Of mice and mental health

Building our state’s budget can feel a bit like Hasbro’s Mouse Trap. Somewhere in there the green plastic boot that is “spending targets” sets a roll on an efficiency budget. Then come multiple recommendations, hearings, and conference committees, all sliding, leveraging, leaping to capture New Hampshire priorities and values.

And for those of us in mental health, each biennium represents a chance to strengthen a system that is critical not only to the tens of thousands of employers and employees, educators, seniors, veterans, and children we serve but also to the million or more we don’t. Thankfully the 2-year, $13 billion state budget that the House and Senate committee of conference agreed on last week is a step in the right direction for all those who call the Granite State home.

I am pleased that per the recommendations of the New Hampshire 10-Year Mental Health Plan, the 2020-2021 budget will include a Medicaid reimbursement rate increase (3.1%) in each year of the biennium. Despite inflation, NH has not raised this rate since 2006, and doing so now increases our ability to improve and maintain an environment of care for clients. The field of mental health treatment is as dynamic as the population we serve. Consequently, the cost of keeping Evidence-Based Practices current (i.e., impactful) can be challenging. Because of reimbursement rate increases, children affected by trauma or a veteran experiencing PTSD is able to receive the right therapy at the right time by a highly-trained staff.

Because of historical low reimbursement rates, NH’s Community Mental Health Centers struggle to recruit and retain bright young talent. Those beginning their careers choose to practice in other states and turnover rates are higher than in other fields. As illustrated by Improving Child & Community Health: Addressing Workforce Challenges in Our Community Mental Health Centers, “staff turnover disrupts quality of care.” I am thrilled, however, that listed among the many priorities of the new budget is expanding the State Loan Repayment Program (SLRP). This is a proven program that provides loan repayment funds to health care professionals who commit to a 36 month-New Hampshire service obligation. A more robust SLRP allows organizations like ours to aggressively pursue qualified candidates and retain staff already engaged in the work of helping others improve quality of life.

Further, I am heartened that budgetary considerations did not stop with loan repayment. SB 308 – the omnibus workforce bill, broadens the definition of “Telemedicine” and where it can be used. Also called “Virtual Health,” telemedicine employs new communication platforms to allow health care professionals to evaluate, diagnose, and treat patients. Practically speaking, SB 308 fosters a care environment that is both flexible enough to accommodate staff life events (e.g., child birth or a change in residence) and constant enough to promote continuous client recovery and resilience.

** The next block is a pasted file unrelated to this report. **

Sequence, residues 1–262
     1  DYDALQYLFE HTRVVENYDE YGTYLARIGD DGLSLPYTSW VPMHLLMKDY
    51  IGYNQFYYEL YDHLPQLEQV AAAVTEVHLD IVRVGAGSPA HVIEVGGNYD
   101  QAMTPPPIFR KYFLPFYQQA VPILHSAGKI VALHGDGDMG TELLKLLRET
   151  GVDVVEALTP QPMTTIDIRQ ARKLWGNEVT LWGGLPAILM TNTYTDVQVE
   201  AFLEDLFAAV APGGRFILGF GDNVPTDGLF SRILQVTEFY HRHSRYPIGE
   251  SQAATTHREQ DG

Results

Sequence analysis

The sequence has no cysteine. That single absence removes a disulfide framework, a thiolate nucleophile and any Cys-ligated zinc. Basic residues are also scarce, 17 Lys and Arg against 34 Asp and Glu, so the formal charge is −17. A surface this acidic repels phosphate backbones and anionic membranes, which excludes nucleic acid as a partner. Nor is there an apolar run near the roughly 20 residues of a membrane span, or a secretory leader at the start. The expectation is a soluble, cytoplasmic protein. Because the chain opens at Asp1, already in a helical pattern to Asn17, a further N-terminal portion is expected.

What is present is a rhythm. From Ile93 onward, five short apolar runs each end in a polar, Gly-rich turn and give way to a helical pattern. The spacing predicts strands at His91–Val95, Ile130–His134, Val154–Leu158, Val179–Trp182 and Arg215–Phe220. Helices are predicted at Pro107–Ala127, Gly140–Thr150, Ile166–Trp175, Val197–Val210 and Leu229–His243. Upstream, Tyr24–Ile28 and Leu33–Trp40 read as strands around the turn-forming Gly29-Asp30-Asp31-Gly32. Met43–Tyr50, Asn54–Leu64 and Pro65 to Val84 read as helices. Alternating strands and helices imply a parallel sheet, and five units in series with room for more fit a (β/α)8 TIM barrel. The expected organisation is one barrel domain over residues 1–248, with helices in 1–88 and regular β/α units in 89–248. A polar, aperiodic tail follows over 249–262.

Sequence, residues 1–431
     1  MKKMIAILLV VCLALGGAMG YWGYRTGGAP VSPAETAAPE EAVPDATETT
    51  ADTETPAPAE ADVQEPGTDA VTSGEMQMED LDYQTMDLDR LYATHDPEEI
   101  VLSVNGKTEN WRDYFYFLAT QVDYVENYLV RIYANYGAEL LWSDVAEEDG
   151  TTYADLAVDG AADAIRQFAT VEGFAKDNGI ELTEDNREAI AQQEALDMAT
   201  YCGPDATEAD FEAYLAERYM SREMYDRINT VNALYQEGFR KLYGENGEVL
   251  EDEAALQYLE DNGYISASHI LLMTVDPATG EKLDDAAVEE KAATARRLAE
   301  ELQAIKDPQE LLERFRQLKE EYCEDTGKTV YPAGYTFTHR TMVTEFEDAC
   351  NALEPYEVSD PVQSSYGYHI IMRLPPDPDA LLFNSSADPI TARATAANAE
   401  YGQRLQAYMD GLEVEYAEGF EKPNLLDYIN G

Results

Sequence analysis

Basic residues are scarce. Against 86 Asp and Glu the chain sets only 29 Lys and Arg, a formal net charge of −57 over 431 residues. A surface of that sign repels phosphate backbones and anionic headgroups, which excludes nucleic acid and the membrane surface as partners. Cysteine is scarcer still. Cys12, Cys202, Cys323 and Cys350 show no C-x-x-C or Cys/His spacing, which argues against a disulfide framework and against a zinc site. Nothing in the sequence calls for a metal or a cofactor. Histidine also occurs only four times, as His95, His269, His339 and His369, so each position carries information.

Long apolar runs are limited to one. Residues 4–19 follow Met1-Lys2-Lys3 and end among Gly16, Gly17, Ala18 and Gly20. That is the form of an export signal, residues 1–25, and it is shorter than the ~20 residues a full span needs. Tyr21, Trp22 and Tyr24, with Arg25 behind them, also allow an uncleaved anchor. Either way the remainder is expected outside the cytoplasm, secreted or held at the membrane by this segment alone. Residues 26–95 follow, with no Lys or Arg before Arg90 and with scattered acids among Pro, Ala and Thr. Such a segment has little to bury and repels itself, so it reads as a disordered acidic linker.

Perhaps that word that best describes NH’s 2020-2021 budget: RESILIENCE. Whether you’re already working in the field, a member of our Mobile Crisis Team, say, responding to an overdose where a child is present. Or maybe you’re in crisis yourself – resilience is the currency of wellness. Healthy communities require it. A healthy New Hampshire requires it. And we are best served to remember resilience is something that can be built.

My hope is that two years from now, in the next biennium, when once again the shiny ball of our state budget begins to rattle, we are reminded that building a strong, resilient New Hampshire demands continued investment in mental health. Yes, we’re committing more resources now than in years past to an urgent mental health need, but when dealing with crisis there is a tendency to address only the square you’re on.

Mouse Trap allegory aside, I’m proud of the steps New Hampshire is taking to recognize mental health as integral to overall health care. I’m proud of the quality and effectiveness of our state’s system. And I am proud to talk openly about mental illness and related stigma so we may expand access to treatment for all New Hampshirites. If this budget is any indication, New Hampshire has begun to lift its gaze to glimpse a prosperous, not to mention colorful, path to total wellness. Rock on, Granite State.

Bill Rider is president/CEO of The Mental Health Center of Greater Manchester and a member of the National Council for Community Behavioral Healthcare.